This is a mouthful to say those that are close to the fund have the chance to do all sorts of things with our money.
From sneaking in corrupt tenders and jobs to the clandestine externalisation to tax heavens, millions and millions of dollars will end up in personal accounts.
It can also be used to create monopolies for those that have the opportunity to abuse the fund.
Not too far into the future, you will hear of all sorts of projects being established using money from the fund.
And one thing will be sure. It will be Mnangagwa and his cronies like Kuda Tagwirei who will be at the centre of the cast.
As regards Tagwirei, kindly note that he has already been involved in controversial initiatives at some of the companies that will be administered from Mnangagwa’s office.
These include Kuvimba Mining House, a mysterious company that was set up equally mysteriously after Tagwirei was put under international sanctions.
This entity was set up without involving Parliament or cabinet even though Mnangagwa tried to convince us that it is a government portfolio.
Its interests span a whole valley, including mining. In reality, it was established to mask Tagwirei’s commercial interests in the wake of the sanctions, and to provide the space for all manner of looting.
You also know about the Landela deal. Landela is Tagwirei’s baby which entered into an opaque deal with Zupco to buy buses that the deal makers wanted to appear as if they belonged to the public transporter. The truth, though, is that those are Tagwirei’s buses.
But then, when you see Tagwirei, make sure that Mnangagwa is lurking close by.
The same applies with the National Oil Company of Zimbabwe.
That is the public entity that Tagwirei used to seize monopolistic control of a whole mega-million oil pipeline, Feruka, stretching from Mozambique to Harare.
Kuda was the face of the deal. He wouldn’t have single handedly been able to grab such a deal if he wasn’t eating with the big boys.
But just in case someone is going to be naughty and try to poke his or her own snort in the dishes, gaps must be plugged.
That’s where the Anti-Corruption Act, Commissions of Inquiry Act, Interception of Communications Act as well as the Prevention of Corruption Act come in handy,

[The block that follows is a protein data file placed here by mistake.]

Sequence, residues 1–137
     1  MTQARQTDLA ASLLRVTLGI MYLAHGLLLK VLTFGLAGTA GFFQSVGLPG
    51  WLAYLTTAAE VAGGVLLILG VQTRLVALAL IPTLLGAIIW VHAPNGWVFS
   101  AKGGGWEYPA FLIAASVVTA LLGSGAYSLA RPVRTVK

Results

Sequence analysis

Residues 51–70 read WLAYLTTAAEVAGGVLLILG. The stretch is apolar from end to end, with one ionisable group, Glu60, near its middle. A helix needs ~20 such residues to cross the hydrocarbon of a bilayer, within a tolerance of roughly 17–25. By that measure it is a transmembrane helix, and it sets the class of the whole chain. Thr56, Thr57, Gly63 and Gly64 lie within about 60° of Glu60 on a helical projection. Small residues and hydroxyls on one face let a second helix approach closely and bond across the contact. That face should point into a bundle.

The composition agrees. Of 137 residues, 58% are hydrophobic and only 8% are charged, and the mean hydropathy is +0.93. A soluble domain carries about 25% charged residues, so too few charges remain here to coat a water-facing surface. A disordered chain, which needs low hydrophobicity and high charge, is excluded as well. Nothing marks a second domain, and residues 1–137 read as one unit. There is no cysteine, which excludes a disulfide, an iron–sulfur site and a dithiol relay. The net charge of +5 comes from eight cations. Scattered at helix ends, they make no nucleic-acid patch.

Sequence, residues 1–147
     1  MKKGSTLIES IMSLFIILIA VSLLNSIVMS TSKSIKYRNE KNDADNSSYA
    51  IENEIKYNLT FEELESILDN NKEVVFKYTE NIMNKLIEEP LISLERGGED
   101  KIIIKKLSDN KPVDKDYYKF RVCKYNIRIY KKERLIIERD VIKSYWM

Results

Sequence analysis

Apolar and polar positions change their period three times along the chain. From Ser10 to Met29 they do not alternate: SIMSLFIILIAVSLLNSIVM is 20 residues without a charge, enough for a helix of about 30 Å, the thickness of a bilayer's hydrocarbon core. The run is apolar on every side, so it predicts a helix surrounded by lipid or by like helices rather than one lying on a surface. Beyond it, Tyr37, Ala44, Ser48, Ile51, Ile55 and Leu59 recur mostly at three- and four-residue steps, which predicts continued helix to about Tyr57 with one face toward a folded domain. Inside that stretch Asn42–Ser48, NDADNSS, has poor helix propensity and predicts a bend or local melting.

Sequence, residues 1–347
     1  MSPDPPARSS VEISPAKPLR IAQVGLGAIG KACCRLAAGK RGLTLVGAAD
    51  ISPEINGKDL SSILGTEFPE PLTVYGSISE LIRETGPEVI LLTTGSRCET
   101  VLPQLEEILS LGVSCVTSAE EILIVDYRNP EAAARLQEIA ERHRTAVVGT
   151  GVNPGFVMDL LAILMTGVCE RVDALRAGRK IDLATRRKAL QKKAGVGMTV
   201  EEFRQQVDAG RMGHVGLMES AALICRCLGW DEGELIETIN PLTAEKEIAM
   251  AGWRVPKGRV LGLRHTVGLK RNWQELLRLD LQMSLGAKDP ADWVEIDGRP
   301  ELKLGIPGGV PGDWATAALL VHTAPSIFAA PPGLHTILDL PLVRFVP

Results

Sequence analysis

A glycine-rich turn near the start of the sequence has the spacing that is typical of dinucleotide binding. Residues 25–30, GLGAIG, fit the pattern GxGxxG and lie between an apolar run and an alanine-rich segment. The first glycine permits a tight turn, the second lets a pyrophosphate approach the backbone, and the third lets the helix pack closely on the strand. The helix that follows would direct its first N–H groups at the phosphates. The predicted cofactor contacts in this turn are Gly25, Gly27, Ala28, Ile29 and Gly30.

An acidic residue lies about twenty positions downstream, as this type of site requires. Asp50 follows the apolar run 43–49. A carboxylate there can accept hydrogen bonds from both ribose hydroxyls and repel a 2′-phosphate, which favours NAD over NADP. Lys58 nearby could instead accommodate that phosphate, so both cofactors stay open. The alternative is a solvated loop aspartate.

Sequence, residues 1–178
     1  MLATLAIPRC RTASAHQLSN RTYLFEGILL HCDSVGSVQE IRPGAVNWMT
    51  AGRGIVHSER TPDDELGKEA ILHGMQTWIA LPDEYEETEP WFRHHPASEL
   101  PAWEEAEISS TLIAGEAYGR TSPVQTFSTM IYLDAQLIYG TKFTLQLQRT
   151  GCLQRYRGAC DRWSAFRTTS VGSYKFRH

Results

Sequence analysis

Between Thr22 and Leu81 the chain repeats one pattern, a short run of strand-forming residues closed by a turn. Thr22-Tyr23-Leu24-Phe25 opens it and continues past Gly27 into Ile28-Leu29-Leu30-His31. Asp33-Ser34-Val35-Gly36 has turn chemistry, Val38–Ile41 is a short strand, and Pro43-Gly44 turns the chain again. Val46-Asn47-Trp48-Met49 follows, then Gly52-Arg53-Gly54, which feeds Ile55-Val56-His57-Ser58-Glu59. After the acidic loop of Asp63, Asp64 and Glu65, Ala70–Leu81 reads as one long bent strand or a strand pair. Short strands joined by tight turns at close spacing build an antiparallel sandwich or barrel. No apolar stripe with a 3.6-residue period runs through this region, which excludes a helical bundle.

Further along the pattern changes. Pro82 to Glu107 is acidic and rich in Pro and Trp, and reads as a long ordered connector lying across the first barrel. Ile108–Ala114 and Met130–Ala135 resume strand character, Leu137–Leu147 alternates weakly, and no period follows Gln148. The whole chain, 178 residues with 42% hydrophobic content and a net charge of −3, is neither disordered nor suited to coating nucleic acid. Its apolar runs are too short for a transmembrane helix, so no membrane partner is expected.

Direct administration of these laws means that Mnangagwa will be in control of who will be investigated and who will not be investigated on allegations of corruption.
The Interception of Communications Act will give the president the privilege of who and what to bug.
It will be him alone who will decide who to bring under surveillance, and that, certainly will not be him, his sons, Tagwirei or the other village boys and girls.
Overall, it means that Mnangagwa is building a perimeter wall around himself and his buddies so that they will be able to eat without being disturbed by nosy crawlers, particularly his foes in government and the ruling Zanu PF party.
That’s a smart move for him, considering the fierce factional wars within the ruling party.
It’s also telling that some of the laws that he has domiciled in his office are power laws.
Outside the already mentioned ones, there is the Zimbabwe National Security Council Act.
If you know how political power plays out in Zimbabwe, you will also know that the highly militarised security council is where everything happens.
Zimbabwe, virtually, is ruled by that council. It decides everything from when summer will start and end to how to steal elections.
If you build this into what Mnangagwa has already done in a short space of time, you then easily see where he is going with the royal staff.
Just about everyone in government now is his son, uncle, niece or pawn.
That’s a good Machiavellian strategy for dictators.
Now he is taking all the power laws home with him. It will not end well.
- Tawanda Majoni writes in his personal capacity and can be contacted on [email protected].